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Africa America ancient animals Antiquities arranged Assyrian Athens Australia bas-reliefs belonging Birds bones British Museum bronze called casts Catalogue Central character chiefly collection colours Compartment consisting contain covered crystals Cyrene discovered division East Egyptian examples exhibited feet female figures fish Fossil four fragments frieze fruit Full Face Gallery glass Greek head important India inscriptions Insects iron Islands Italy kinds King known leaves lions living Lower male marble metals Middle minerals monuments North noticed objects obtained occupied originally ornaments painted period Persian placed plants Plates portion Presented principal probably Profile relief remains remarkable represented rocks Roman round sculptures seen Shelf shells Shelves side similar skeleton slabs smaller South species specimens statue stems stone subjects Table temple tomb trees upper variety various vases Wall West wood
Page 142 - Inscriptions in the Phoenician Character, discovered on the site of Carthage, during Researches by Nathan Davis, Esq., 1856-58. 1863, fol. £1 5*.
Page 24 - Hudson, from an original by Richardson. Oliver Cromwell, by Walker (bequeathed, 1784, by Sir Robert Rich, Bart., to whose great-grandfather, Nathaniel Rich, Esq., then serving as a Colonel of Horse in the Parliament Army, it was presented by Cromwell himself). Mary Davis, an inhabitant of Great Saughall in Cheshire, taken 1668, "cetatis 74...
Page 82 - Mausolos was of the class called by the Greeks heroon, and so greatly excelled all other sepulchral monuments in size, beauty of design, and richness of decoration, that it was reckoned one of the Seven Wonders of the ancient world, and the name Mausoleum came to be applied to all similar monuments.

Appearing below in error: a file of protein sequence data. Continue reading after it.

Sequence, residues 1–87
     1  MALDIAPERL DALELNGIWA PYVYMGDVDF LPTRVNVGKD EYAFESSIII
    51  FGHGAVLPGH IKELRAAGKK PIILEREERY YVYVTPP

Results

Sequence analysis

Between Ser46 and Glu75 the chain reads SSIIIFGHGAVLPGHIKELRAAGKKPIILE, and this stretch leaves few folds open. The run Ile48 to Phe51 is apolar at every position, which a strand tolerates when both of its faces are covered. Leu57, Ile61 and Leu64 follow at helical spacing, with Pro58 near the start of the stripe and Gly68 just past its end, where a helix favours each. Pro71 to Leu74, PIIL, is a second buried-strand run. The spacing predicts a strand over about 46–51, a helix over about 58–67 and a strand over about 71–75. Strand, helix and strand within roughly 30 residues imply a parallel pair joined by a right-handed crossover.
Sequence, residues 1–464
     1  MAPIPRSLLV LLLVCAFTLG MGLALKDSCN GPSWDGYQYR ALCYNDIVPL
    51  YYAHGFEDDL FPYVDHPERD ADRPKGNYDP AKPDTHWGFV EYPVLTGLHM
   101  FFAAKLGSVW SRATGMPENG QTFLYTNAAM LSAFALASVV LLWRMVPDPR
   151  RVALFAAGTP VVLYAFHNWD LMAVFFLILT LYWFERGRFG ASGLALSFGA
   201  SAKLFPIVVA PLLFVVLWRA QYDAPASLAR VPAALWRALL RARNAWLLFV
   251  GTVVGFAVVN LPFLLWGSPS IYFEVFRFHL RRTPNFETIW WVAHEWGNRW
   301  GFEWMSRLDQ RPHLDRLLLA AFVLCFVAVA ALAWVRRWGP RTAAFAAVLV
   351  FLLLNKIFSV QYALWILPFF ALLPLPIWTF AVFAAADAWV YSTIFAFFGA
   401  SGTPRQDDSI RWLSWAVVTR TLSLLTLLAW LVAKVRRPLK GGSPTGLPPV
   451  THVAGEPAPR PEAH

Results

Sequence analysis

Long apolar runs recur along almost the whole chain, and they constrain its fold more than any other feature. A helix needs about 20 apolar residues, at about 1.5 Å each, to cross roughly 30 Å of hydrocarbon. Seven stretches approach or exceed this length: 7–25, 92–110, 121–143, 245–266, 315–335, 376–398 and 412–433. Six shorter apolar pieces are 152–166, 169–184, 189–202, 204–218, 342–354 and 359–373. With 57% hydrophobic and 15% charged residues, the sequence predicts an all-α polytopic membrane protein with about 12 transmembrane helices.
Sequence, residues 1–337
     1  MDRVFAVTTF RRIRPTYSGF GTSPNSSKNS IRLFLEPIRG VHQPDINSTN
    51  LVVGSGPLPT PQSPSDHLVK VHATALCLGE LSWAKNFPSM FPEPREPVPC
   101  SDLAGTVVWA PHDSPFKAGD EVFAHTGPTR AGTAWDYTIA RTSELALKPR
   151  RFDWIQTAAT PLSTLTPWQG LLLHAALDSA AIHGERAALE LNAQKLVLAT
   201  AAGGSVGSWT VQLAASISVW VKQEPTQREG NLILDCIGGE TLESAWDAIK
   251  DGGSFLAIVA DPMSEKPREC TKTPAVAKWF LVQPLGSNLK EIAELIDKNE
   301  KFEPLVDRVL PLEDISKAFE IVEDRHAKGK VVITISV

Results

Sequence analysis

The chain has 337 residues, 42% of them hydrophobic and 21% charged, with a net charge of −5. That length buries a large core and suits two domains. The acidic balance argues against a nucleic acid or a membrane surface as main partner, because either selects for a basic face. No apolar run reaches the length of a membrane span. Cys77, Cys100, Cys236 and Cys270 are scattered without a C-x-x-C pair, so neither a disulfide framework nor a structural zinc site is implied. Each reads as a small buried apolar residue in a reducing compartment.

Page 94 - Part of a series of sculptures which originally lined the two walls of a long narrow gallery leading, by an inclined plane, from Kouyunjik towards the Tigris. On the one side, descending the slope, were fourteen horses, led by grooms ; on the other, ascending into the palace, were servitors bearing food for a hanquet.
Page 136 - Pelion, and Thetis consenting to be the bride of Peleus, in the presence of Poseidon and Eros. On the bottom of the vase, which is detached, is a bust of Atys.
Page 16 - ... nests of wasps and bees ; some are constructed of clay, or of sand, while others are of paper, made of an admixture of the scrapings of wood and vegetable fibre. Specimens of the various insect fabricators of these structures are, in many instances, attached to the nests. In another case we find the remains of the square lintel of a door of one of the government offices in St. Helena, showing the destruction caused by a species of white ant. Then there are a series of the different stages of...
Page 106 - Rosetta stone ; it is a tablet of black basalt, having three inscriptions, two of them in the Egyptian language, but in two different characters (Hieroglyphic and Enchorial), the third in Greek. The inscriptions are to the same purport in each, being a decree of the priesthood at Memphis in honour of Ptolemy Epiphanes about the year BC 196.